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Britain’s ambitious shift to electric vehicles poised to have dramatic health, environmental impacts

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Jeff Tyson

Prime Minister Boris Johnson announced this week that Britain will ban the sale of new petrol, diesel and hybrid cars beginning in 2035 — five years earlier than their initial commitment.


Oliver Gao

Professor of Civil and Environmental Engineering

Oliver Gao, professor of civil and environmental engineering, is the director of Cornell University’s Center for Transportation, Environment, and Community Health. He researched what the impact would be of transitioning gasoline cars and diesel trucks to electric vehicles in Houston and found it would prevent as many as 246 premature deaths annually. Gao says Britain’s transition would mean big environmental and health improvements.

Gao says:

“The urban transportation sector contributes to various negative health outcomes including cancers, cardiovascular and respiratory diseases, and premature mortality. The sector is also the main greenhouse gas emissions sources ­­­– 29% in the U.S. – causing climate change. Depending on fleet turnover rate, one major impact of electrifying the road transportation sector can be eliminating pollution hotspots for those who live close to the roads. However, even at small penetration rate for electric vehicles, the health impacts can be significant. In particular, this is a great potential for protecting vulnerable children at schools and at playgrounds.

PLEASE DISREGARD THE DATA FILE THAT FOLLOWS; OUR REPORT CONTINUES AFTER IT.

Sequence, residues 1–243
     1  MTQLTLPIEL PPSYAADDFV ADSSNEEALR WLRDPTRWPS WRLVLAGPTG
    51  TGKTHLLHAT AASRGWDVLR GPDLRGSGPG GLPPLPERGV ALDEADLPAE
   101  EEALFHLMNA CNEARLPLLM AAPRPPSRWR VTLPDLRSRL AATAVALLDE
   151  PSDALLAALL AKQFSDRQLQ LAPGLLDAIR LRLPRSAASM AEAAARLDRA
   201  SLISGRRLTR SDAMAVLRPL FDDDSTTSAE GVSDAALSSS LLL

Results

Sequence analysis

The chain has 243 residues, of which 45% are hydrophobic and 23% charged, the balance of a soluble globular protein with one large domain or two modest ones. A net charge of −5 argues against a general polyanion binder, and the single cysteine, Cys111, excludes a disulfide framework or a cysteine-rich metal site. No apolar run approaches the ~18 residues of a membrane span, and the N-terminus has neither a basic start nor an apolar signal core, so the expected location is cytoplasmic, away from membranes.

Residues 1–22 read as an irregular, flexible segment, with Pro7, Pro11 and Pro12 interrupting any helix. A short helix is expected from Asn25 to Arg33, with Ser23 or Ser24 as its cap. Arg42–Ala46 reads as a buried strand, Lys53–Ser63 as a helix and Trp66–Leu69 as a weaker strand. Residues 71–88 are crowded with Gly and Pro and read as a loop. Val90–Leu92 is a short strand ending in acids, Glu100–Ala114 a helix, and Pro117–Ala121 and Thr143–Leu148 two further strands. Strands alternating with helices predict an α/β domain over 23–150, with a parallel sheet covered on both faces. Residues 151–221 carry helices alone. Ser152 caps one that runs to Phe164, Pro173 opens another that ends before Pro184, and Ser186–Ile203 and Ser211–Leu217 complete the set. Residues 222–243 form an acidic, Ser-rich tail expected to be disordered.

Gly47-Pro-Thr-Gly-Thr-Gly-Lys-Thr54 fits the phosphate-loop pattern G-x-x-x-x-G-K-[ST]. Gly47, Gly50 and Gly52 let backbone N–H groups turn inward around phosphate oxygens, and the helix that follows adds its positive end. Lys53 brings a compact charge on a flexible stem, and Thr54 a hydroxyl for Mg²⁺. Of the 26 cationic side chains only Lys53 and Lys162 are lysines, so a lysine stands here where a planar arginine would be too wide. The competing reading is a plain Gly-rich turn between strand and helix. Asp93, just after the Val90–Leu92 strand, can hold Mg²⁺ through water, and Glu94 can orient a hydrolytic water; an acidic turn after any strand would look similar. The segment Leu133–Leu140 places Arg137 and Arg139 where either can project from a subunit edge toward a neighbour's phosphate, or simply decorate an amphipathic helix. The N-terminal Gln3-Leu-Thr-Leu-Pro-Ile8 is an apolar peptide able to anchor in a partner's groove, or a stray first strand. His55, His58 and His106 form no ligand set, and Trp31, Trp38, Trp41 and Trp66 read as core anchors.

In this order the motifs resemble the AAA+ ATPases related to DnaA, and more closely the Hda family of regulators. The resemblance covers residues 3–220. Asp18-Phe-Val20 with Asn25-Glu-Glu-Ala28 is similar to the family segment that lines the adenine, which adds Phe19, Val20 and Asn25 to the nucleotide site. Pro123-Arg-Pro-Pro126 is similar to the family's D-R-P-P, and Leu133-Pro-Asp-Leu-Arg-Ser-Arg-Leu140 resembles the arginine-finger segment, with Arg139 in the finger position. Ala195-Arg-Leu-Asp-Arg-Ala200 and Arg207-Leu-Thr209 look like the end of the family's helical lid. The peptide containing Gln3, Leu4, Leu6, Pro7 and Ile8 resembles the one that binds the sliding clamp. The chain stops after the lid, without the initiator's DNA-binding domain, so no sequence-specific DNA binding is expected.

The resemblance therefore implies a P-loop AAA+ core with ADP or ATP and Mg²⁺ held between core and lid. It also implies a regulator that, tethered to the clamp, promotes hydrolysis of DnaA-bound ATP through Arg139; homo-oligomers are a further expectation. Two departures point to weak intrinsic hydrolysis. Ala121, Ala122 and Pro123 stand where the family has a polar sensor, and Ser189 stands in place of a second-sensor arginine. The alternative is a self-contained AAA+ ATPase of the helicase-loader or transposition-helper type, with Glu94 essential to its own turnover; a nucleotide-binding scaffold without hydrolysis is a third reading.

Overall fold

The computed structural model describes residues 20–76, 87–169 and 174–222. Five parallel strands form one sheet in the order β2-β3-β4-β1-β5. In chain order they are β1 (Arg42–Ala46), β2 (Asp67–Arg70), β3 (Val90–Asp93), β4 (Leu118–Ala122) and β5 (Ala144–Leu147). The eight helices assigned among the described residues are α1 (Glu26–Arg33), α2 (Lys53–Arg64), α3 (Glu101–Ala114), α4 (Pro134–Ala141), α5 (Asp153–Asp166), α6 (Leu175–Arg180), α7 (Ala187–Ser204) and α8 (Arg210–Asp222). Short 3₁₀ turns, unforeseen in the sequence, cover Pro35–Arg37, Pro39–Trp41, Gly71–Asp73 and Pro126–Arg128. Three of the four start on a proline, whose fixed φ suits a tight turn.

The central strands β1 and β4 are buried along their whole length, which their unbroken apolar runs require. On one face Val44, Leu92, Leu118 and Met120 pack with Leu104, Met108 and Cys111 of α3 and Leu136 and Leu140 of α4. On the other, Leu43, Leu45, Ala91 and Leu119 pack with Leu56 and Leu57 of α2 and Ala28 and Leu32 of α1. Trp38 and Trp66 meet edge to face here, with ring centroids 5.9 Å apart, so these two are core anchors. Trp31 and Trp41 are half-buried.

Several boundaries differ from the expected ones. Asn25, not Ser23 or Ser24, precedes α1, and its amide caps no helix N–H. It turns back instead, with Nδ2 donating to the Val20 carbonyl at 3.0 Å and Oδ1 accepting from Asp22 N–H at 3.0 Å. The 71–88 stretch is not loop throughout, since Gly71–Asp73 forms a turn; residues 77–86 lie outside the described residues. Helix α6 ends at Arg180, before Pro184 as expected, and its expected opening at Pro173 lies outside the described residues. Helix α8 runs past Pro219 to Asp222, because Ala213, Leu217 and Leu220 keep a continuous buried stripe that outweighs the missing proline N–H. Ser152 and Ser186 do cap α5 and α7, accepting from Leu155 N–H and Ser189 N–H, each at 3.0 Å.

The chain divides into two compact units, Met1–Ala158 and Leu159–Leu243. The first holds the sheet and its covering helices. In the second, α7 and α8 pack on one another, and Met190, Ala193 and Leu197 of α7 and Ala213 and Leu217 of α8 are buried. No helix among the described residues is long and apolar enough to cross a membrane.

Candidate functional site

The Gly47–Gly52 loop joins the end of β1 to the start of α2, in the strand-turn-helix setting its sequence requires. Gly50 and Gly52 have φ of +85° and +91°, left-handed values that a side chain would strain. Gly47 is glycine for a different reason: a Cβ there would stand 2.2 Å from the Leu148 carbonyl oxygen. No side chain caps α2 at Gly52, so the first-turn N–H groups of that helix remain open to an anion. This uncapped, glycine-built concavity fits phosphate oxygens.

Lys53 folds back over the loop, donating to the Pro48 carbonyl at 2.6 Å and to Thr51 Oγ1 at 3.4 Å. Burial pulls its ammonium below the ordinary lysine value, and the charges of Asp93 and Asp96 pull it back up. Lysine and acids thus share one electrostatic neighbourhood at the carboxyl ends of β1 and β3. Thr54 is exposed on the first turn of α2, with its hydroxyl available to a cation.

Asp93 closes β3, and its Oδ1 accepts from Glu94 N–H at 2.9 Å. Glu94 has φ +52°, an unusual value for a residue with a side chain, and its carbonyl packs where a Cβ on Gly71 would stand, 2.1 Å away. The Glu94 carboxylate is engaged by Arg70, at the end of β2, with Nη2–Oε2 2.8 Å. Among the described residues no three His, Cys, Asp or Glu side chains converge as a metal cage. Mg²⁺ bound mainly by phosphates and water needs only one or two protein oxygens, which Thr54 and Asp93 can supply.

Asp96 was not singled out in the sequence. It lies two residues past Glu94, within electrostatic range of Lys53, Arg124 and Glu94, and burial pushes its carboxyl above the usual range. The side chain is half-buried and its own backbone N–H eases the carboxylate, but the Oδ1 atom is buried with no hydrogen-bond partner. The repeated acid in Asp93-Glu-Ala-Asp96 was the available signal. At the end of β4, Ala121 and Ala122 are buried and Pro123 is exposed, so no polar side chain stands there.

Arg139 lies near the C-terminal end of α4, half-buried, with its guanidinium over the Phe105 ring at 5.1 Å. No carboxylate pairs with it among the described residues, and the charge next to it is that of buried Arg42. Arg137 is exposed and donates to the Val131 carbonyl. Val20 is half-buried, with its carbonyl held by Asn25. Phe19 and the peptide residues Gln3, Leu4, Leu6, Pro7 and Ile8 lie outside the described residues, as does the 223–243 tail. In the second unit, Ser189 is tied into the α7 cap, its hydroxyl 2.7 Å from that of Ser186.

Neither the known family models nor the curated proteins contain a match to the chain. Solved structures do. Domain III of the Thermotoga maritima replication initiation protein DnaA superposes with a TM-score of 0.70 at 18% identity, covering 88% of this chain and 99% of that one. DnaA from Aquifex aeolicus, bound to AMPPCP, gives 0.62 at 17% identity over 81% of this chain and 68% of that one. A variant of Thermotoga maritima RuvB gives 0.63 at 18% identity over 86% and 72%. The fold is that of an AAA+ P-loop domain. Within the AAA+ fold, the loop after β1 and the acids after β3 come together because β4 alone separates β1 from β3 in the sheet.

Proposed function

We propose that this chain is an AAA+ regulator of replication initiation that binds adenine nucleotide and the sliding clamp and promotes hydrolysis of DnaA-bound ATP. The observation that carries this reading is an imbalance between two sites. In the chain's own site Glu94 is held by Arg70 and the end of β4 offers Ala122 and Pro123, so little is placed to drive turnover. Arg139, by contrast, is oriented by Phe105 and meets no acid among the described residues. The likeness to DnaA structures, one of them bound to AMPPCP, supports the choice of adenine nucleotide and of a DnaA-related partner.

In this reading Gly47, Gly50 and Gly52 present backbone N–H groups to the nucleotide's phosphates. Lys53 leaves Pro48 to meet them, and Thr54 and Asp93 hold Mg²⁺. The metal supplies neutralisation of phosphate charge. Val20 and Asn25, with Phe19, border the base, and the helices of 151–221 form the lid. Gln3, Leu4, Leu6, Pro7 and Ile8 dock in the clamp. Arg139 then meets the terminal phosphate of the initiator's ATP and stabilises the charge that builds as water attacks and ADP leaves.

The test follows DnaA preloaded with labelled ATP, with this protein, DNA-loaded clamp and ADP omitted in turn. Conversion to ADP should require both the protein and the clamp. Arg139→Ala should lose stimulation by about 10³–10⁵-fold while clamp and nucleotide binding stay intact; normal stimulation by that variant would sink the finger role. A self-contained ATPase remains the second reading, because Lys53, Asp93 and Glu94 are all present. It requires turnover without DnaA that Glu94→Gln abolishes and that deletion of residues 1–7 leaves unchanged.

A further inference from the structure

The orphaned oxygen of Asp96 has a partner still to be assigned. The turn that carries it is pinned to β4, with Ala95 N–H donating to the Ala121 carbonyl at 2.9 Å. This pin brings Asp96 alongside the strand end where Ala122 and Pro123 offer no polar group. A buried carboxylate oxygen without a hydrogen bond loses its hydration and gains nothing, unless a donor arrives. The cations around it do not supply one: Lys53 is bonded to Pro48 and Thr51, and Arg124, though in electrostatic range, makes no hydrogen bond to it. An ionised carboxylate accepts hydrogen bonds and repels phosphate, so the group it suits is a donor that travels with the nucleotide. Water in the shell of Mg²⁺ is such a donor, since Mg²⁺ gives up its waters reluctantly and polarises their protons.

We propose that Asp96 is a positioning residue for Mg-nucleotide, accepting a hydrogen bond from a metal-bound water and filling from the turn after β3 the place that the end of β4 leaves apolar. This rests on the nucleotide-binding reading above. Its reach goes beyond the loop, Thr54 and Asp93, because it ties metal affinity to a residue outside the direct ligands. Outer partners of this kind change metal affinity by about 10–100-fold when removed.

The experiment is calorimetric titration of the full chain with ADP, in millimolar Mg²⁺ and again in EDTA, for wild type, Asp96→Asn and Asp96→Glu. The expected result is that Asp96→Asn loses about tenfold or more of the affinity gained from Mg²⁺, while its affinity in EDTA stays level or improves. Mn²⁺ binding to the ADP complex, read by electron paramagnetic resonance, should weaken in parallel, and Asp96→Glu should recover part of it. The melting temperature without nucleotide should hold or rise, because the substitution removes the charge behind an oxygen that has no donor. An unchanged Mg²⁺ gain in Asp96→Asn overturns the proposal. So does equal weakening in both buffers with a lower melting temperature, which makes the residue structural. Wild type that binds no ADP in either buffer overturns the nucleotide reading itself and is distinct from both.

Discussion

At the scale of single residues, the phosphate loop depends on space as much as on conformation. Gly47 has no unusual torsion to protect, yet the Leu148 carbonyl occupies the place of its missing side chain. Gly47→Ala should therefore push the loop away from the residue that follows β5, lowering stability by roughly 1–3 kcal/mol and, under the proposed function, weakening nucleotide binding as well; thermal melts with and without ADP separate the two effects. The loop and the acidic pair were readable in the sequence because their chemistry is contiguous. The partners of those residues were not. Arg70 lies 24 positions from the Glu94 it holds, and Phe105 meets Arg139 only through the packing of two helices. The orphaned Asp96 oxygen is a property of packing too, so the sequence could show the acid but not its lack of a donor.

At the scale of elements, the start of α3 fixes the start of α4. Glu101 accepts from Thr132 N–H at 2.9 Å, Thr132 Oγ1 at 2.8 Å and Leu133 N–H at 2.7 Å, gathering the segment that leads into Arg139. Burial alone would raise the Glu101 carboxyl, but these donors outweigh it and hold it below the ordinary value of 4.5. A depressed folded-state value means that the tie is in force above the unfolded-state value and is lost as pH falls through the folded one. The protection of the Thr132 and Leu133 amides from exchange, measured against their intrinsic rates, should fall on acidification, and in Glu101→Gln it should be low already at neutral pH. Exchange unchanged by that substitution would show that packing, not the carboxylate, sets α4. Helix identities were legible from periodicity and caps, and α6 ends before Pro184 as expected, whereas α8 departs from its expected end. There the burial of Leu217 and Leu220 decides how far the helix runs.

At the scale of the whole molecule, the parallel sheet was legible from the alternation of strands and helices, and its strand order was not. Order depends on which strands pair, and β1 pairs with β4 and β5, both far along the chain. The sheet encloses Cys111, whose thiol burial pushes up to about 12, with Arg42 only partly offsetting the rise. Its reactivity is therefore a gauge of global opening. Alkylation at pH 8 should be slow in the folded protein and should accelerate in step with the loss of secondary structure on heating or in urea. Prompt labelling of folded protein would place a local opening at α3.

“Greater impacts of improving air quality, protecting public health and mitigating climate change can be achieved if electric vehicles are provided with clean electricity. Although life cycle emissions of electric vehicles depend on their type and manufacturing process, providing clean electricity for the urban transportation sector can be a huge step toward the zero-emission urban mobility dream.

“Britain’s new electric vehicles law can be expected to have significant environmental and health implications.”


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